Neuroscience & Mind Icon Neuroscience & Mind

What to Fear? Jay Richards’s The Human Advantage Is Out!

David Klinghoffer

The scary thing about artificial intelligence and related advances in technology is not what it will to do us — like put us all out of work — but what we’ll do with it to ourselves and each other. 

Our colleague Jay Richards is out today with an important book, The Human Advantage: The Future of American Work in an Age of Smart Machines, that drives home a point that gets lost in hysterical media headlines about AI. Humans are unique, and no matter how quickly they may perform calculations, robots cannot displace us. American Enterprise Institute president Arthur C. Brooks writes about the book:

The blistering pace of technological change has left many Americans uncertain about their place in the 21st-century economy. But as Jay Richards wisely reminds us, no machine will ever be able to replicate what makes us truly human: Our creativity, and our virtue. The Human Advantage masterfully demonstrates that we need not fear the future, and that a life of happiness still awaits those with the courage to pursue it.

That’s not a Pollyannaish forecast — the proviso that happiness will be a prospect for “those with the courage to pursue it” is significant. I don’t think Richards or Brooks expects the future will be painless.

Capitalizing on Panic

But there’s no question that the media and some in science too are capitalizing on panic about AI. Jay writes today at Signature, “I get it. Doomsday predictions gain shares on Facebook and Twitter.” Yes, and many people also derive a sick type of satisfaction from scaring other people.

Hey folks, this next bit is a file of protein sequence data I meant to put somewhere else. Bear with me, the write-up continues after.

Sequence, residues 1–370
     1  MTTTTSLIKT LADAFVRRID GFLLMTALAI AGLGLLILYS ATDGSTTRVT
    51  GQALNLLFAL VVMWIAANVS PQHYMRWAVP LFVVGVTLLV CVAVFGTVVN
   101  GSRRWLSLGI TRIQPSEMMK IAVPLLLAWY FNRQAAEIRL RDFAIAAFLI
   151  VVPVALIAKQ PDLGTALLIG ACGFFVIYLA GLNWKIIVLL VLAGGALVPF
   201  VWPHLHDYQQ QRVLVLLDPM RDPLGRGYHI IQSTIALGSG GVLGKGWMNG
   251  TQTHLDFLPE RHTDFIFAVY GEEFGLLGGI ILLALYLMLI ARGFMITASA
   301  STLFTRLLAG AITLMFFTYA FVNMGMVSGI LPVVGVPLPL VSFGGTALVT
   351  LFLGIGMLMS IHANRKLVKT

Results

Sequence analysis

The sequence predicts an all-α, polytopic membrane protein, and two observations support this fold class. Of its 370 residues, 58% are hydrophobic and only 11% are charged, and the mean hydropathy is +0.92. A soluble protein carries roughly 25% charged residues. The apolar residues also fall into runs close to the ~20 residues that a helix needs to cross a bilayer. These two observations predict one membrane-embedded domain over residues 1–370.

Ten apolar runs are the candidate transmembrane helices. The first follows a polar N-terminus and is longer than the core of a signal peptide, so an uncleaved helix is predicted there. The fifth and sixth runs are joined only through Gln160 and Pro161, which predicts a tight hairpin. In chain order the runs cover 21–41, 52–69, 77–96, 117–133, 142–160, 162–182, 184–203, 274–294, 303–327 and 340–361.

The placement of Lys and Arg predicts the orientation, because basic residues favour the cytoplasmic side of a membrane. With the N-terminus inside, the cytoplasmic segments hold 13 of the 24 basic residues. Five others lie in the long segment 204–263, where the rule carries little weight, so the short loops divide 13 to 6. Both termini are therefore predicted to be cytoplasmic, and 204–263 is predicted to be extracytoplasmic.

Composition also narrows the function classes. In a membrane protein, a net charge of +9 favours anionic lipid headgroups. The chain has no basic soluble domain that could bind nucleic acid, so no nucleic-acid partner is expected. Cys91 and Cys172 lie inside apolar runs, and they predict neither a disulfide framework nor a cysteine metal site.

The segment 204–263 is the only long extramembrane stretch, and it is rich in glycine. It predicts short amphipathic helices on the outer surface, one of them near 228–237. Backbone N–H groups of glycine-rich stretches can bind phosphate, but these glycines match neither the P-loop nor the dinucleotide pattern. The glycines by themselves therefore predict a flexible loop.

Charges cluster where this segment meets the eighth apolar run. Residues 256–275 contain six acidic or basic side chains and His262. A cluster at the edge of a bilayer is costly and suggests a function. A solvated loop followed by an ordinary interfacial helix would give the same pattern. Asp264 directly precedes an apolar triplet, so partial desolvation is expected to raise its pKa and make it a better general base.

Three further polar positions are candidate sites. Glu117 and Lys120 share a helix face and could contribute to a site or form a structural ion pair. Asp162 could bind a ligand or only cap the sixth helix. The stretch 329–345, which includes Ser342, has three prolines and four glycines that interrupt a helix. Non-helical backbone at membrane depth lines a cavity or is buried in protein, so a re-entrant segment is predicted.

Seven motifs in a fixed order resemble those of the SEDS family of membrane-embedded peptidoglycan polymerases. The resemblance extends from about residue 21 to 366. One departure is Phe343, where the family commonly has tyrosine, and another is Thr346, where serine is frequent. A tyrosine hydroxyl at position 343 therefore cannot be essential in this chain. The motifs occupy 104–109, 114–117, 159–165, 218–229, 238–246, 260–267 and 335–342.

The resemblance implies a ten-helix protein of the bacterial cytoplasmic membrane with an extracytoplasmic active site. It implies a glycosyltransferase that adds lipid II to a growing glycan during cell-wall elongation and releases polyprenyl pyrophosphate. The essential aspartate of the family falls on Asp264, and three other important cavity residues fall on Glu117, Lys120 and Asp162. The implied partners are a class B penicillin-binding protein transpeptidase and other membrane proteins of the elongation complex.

Jay Richards explains that advancing technology had the effect of permanently displacing us from our work, then history would look very different from the way it does.

If technology led to permanent unemployment, history would be one long, dismal story of expanding joblessness. In fact, without the technology that led to all the job loss, the global economy could not sustain the billions of jobs and people it now does.

So why do we hear so much doom and gloom? Because no one can predict, in detail, what future jobs will look like. We can easily picture, in contrast, a loss of the status quo.

Imagine a clever American in 1776 who comes upon a primitive steam engine. He starts to ponder how this device will raise the country’s farm output in the future. Since people need only so much food, he figures, there must be a limit to demand. At some point, perhaps only one percent of the population will be needed to produce enough food for everyone.

Yikes! Ninety-four percent of Americans would end up jobless as a result.

Of course, that’s not what happened. Two centuries later, the American population is ten times larger, due in part to much better farming methods. Instead of massive poverty and joblessness, most people now do something other than farm, and they have a much higher standard of living. Around 1 percent of the US population now works on farms. Most of the jobs of the other 99 percent didn’t exist in 1776.

These fears are unfounded, and worse, perhaps, they distract us from facing the very real if unintended consequences of the “smart” machine age.

The July 11 launch of Discovery Institute’s new Bradley Center for Natural and Artificial Intelligence is intended to address these very timely concerns. Join us at Seattle’s William Allen Theater at the Museum of Flight for a conversation with new fellows and staff of the Center for a lively discussion of the subject: “Will the Machines Take Over? Human Uniqueness in the Age of Smart Machines.”

More information is here. The event is FREE but you must register here.

Photo credit: kalhh, via Pixabay.